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 From the CEO

Systems Building

By Michael R. Fraser, PhD CAE Mike Fraser 

Like putting the pieces of a puzzle together to form a complete image, systems building involves putting MCH services together within a state or community to create a unified whole of services geared toward protecting and promoting the health of women, children and families. Systems building is one of the unique features of the Title V MCH Services Block Grant. Unlike other funding streams with specific approaches and guidelines, the Title V MCH Block Grant allows states to tailor their programs to support state specific needs and create a system that works for that state. As such, the MCH system in one state may look very different from the MCH system in another. However, at the core of all state MCH programs, is the goal of improving the lives of women, children and families including children and youth with special health care needs and creating systems that effectively and efficiently provide needed services and programs. 

When I first came to AMCHP, systems building was a term that I heard a lot. I remember a meeting I attended with Holly Grason from Johns Hopkins University. Holly provided a definition of a system that I still rely on today. In the definition she shared with me, systems have three components: focus on a shared goal, interrelated parts to meet that goal, and communication between the parts to assure that the shared goal is reached.  

Focus on a Shared Goal

Every system has a goal, and for MCH programs that goal is very clear: develop systems that protect and promote health for women, children and families. A major role for MCH leaders within a state is to develop a shared goal that can bring together different kinds of programs and links diverse services providers. Getting agreement on a shared goal is an essential, though often difficult, role for Title V programs. I would posit that getting all MCH players within a state to contribute to a shared goal is one of the hardest parts of a Title V Director’s job! However, it is also one of the most important: without a shared goal, how do partners and collaborators fit their work into the larger MCH system within a state? What are all the players working toward?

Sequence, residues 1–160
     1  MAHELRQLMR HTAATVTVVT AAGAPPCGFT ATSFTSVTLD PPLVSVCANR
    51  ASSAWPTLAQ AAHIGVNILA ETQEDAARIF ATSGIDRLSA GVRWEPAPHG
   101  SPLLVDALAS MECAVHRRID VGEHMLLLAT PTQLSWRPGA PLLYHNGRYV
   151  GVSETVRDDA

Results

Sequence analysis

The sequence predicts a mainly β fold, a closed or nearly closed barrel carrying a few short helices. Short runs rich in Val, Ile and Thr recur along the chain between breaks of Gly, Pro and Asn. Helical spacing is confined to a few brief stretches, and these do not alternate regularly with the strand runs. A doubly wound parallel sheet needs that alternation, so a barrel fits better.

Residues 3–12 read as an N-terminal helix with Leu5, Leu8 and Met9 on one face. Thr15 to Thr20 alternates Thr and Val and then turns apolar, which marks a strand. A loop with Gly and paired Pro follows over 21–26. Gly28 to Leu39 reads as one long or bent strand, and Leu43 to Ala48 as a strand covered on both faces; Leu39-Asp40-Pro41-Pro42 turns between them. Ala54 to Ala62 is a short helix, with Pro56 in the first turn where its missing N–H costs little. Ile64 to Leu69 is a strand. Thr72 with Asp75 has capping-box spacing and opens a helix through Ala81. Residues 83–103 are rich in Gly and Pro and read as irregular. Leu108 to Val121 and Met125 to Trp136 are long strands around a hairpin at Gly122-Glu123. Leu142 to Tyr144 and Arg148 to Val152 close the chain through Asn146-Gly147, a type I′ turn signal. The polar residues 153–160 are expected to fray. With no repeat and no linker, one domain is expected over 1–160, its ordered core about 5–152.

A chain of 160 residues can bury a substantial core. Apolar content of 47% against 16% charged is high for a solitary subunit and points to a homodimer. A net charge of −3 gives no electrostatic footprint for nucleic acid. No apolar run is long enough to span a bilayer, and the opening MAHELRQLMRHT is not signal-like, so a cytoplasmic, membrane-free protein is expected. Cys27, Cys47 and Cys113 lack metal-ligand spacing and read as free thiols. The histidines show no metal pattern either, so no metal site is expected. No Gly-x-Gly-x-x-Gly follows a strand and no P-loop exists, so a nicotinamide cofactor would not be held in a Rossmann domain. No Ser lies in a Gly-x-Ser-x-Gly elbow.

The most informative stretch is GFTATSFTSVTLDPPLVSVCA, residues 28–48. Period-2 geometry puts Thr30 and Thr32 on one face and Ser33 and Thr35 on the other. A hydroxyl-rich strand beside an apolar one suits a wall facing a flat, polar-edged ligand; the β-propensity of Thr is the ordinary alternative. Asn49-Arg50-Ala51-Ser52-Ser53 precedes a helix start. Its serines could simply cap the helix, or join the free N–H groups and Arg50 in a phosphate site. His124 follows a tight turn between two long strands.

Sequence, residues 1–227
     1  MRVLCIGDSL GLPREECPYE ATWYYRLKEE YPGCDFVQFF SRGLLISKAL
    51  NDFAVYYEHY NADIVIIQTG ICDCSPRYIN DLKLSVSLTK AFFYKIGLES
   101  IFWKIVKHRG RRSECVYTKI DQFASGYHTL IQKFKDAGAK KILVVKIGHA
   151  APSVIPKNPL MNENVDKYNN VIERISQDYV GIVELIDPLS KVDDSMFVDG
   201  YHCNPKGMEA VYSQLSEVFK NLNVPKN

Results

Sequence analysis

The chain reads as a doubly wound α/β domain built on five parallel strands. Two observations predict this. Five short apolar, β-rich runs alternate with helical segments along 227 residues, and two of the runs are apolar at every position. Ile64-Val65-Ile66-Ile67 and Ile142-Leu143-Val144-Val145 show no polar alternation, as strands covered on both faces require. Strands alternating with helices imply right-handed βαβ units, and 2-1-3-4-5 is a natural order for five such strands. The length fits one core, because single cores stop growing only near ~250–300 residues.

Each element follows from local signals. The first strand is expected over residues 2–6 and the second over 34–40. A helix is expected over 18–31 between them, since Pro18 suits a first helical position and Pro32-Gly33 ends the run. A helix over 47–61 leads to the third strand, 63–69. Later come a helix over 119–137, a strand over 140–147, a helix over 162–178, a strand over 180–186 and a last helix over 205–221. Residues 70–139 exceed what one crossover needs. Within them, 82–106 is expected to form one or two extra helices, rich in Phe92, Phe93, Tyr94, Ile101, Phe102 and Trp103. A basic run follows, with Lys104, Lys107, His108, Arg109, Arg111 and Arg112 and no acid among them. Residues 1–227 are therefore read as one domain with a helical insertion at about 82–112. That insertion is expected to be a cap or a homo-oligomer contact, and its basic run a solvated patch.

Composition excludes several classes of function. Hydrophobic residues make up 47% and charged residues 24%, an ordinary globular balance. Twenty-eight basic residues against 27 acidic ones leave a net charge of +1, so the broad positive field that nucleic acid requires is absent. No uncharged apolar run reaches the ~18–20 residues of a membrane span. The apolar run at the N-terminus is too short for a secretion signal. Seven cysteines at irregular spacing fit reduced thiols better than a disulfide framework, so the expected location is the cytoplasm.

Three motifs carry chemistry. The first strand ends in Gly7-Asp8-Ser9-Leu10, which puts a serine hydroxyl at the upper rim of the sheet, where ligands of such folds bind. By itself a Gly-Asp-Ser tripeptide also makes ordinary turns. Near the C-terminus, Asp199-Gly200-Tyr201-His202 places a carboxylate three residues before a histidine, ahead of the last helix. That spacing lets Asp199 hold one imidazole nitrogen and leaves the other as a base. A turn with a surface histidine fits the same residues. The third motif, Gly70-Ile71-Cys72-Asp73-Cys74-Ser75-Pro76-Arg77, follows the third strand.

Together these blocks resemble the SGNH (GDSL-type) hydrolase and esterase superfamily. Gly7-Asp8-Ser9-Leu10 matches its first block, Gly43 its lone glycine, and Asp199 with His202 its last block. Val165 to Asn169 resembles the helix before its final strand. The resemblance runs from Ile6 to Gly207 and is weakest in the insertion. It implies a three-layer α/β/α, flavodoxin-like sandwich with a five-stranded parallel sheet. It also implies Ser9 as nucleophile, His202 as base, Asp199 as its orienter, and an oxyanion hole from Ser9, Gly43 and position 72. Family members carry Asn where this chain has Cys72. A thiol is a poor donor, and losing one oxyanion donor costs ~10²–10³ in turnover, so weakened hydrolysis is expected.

Interrelated Parts

One of the challenges of systems building is getting the various components involved in the system to see themselves as collaborators and partners in the work rather than individual entities providing specific services to segments of the population without the need to link to one another. A task for many MCH leaders is “herding cats” – getting various independent groups to work together toward the shared goal of improving the lives of women, children and families. For a system to function, interrelated parts must work together seamlessly and contribute to the shared goal.  

Communication to Ensure Components Meet the Shared Goal

Communication is a constant challenge, and communications between components in an MCH system is no exception. How many meetings, e-mails, and phone calls take place between different organizations to assure that each is helping move forward the shared goal? In my experience there is always never enough communication between entities – this is an area for continued growth and development for almost all of us! But communication is essential to getting our work accomplished efficiently and effectively. How else do we know what each of us is going to meet our larger, shared goal and coordinate our work? 

As you can see the elements of a system are straight forward, but the work of assuring that the systems is functioning takes some effort! As you work to build systems in your state, especially for children and youth with special health care needs and the new opportunities presented by the Maternal, Infant, and Early Childhood Home Visitation Program, keep this definition of system in mind. Let me know what else you think contributes to systems building in your state and how AMCHP may be of assistance moving your work forward.